Pound pinned near $1.37, eyes first weekly gain in a month ahead of Jackson Hole

LONDON (Reuters) – Britain’s pound was pinned near the $1.37 mark on Friday and set for its first weekly gain on the dollar since the end of July, as a recovery in global risk sentiment helped lend support to riskier and growth-correlated currencies.

External drivers, such as movements in the dollar on the back of risk sentiment in world stock markets, have largely driven sterling in recent weeks.

Earlier this year, Britain’s pace of COVID-19 vaccinations and a broader reflation trade in global markets allowed the pound to be the best performer among its G10 currency peers, but it has since lost that lead as the U.S. Federal Reserve begins to hint towards future tapering of its stimulus programme.

Graphic: Currencies and vaccination rates –

Hints about future tapering as well as uncertainty over the spreading Delta variant of the coronavirus have in turn dented risk sentiment and fuelled a bid for the dollar.

Investors will keep their eye on the annual Jackson Hole conference taking place later today, a gathering of prominent central bankers from around the world. Fed Chair Jerome Powell will speak at 1400 GMT.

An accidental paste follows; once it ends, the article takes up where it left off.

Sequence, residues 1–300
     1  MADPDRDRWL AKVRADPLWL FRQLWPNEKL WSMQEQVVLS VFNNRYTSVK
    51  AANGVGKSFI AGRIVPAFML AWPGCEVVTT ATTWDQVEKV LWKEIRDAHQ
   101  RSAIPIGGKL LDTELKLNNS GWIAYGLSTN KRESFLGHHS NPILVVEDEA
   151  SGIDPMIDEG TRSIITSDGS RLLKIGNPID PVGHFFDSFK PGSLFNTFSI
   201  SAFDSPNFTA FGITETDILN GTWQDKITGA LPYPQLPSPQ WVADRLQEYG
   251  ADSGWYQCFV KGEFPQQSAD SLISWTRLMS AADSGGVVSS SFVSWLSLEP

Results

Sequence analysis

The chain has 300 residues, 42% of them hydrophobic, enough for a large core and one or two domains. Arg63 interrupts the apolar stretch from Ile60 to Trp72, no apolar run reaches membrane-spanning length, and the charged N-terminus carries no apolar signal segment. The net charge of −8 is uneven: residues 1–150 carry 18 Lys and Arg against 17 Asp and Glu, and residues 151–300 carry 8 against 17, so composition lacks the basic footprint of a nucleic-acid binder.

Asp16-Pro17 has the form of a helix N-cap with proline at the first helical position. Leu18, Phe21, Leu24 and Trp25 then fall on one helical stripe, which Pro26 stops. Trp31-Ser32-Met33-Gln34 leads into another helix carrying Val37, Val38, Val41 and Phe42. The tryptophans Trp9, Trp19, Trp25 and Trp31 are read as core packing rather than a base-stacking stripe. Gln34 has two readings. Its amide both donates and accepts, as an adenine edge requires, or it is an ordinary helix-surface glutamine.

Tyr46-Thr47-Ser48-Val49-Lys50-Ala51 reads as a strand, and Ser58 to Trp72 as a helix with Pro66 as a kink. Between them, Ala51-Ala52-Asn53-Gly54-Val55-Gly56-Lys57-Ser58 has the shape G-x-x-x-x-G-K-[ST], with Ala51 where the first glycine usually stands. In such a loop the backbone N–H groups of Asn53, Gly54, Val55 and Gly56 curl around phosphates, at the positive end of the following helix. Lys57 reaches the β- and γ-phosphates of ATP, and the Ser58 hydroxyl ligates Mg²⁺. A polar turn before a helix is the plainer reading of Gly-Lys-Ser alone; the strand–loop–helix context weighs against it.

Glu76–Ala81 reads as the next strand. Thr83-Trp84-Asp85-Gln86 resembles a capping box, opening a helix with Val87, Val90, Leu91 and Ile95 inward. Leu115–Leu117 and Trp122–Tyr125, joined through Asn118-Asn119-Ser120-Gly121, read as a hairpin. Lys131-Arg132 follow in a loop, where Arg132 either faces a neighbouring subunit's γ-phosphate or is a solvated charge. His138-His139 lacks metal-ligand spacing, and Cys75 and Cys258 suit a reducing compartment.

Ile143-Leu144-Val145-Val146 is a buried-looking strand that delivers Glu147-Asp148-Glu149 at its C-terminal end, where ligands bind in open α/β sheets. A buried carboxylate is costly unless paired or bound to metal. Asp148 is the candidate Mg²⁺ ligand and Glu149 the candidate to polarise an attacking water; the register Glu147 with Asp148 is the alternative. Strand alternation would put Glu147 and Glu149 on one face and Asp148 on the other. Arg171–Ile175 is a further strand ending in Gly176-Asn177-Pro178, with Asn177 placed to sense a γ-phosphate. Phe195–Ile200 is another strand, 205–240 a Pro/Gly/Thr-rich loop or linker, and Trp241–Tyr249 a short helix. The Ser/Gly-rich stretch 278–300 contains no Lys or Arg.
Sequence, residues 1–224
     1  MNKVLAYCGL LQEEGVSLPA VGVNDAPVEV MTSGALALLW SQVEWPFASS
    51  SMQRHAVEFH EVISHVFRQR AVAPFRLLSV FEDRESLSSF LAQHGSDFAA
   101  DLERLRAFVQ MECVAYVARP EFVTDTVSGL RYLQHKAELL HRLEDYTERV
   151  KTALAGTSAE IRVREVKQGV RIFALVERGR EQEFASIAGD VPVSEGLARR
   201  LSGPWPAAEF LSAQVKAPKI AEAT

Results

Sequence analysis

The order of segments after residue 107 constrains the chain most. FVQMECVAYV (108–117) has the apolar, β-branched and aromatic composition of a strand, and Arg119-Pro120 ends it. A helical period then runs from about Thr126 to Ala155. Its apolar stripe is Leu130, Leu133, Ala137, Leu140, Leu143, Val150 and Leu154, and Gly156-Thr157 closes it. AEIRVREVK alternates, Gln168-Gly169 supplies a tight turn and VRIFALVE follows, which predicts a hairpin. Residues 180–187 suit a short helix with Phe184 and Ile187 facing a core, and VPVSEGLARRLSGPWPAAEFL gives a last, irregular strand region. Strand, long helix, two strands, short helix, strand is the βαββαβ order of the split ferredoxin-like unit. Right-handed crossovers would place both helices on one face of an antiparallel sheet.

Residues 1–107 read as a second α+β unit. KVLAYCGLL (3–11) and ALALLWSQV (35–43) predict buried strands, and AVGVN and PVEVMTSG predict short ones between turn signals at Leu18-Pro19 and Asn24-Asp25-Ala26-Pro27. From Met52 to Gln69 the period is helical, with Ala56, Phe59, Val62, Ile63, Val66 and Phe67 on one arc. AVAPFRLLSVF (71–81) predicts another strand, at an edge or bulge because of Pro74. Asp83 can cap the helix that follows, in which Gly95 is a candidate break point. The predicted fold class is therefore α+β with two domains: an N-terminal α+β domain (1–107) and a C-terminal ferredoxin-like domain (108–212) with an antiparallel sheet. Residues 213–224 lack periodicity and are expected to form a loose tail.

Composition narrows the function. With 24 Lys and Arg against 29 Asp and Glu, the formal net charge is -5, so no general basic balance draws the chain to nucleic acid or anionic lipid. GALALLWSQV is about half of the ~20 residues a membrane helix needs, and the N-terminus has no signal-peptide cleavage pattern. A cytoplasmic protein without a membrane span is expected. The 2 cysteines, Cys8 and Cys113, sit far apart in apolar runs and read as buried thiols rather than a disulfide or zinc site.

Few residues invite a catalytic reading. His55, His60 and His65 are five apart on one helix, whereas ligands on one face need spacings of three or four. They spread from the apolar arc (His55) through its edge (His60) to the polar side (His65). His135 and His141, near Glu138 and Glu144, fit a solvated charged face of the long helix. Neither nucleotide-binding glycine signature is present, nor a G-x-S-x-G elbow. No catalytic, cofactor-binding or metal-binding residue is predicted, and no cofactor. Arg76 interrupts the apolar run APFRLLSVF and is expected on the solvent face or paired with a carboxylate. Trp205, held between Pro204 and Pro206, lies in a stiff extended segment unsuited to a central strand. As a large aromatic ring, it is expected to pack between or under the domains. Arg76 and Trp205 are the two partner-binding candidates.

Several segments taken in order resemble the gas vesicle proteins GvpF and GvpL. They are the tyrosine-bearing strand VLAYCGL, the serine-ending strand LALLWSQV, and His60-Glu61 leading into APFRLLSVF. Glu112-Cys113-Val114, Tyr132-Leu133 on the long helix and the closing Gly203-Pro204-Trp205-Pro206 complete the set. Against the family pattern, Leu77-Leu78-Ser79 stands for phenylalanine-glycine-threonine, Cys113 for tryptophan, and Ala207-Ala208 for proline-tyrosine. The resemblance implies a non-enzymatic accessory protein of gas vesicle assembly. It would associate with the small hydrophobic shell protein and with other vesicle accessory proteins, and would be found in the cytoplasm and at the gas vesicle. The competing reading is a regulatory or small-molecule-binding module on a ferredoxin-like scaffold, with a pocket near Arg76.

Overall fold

Dallas Federal Reserve President Robert Kaplan suggested he expects the Fed to start raising interest rates next year, a comment that analysts took as more hawkish than last week, when he appeared nervous about the potential impact of the Delta variant’s spread on the economic recovery.

Two other regional Fed chiefs – Kansas City Fed President Esther George and St. Louis Federal Reserve President James Bullard – also downplayed the impact of the Delta variant in separate interviews, with Bullard repeating his call for the Fed to start trimming its $120 billion in monthly bond purchases soon.

Against the dollar, sterling traded flat on the day at $1.3703., was also flat against the euro at 85.77 pence per euro.

“The higher sensitivity of GBP compared to the EUR to market risk sentiment has driven EUR/GBP marginally higher yesterday,” ING strategists said in a note to clients.

“Today, with yet again no data releases worth noting in the UK, the risks for EUR/GBP appear still slightly skewed to the upside if the Fed confirms imminent tapering, which could ultimately take a toll on activity currencies more than on funding currencies.”

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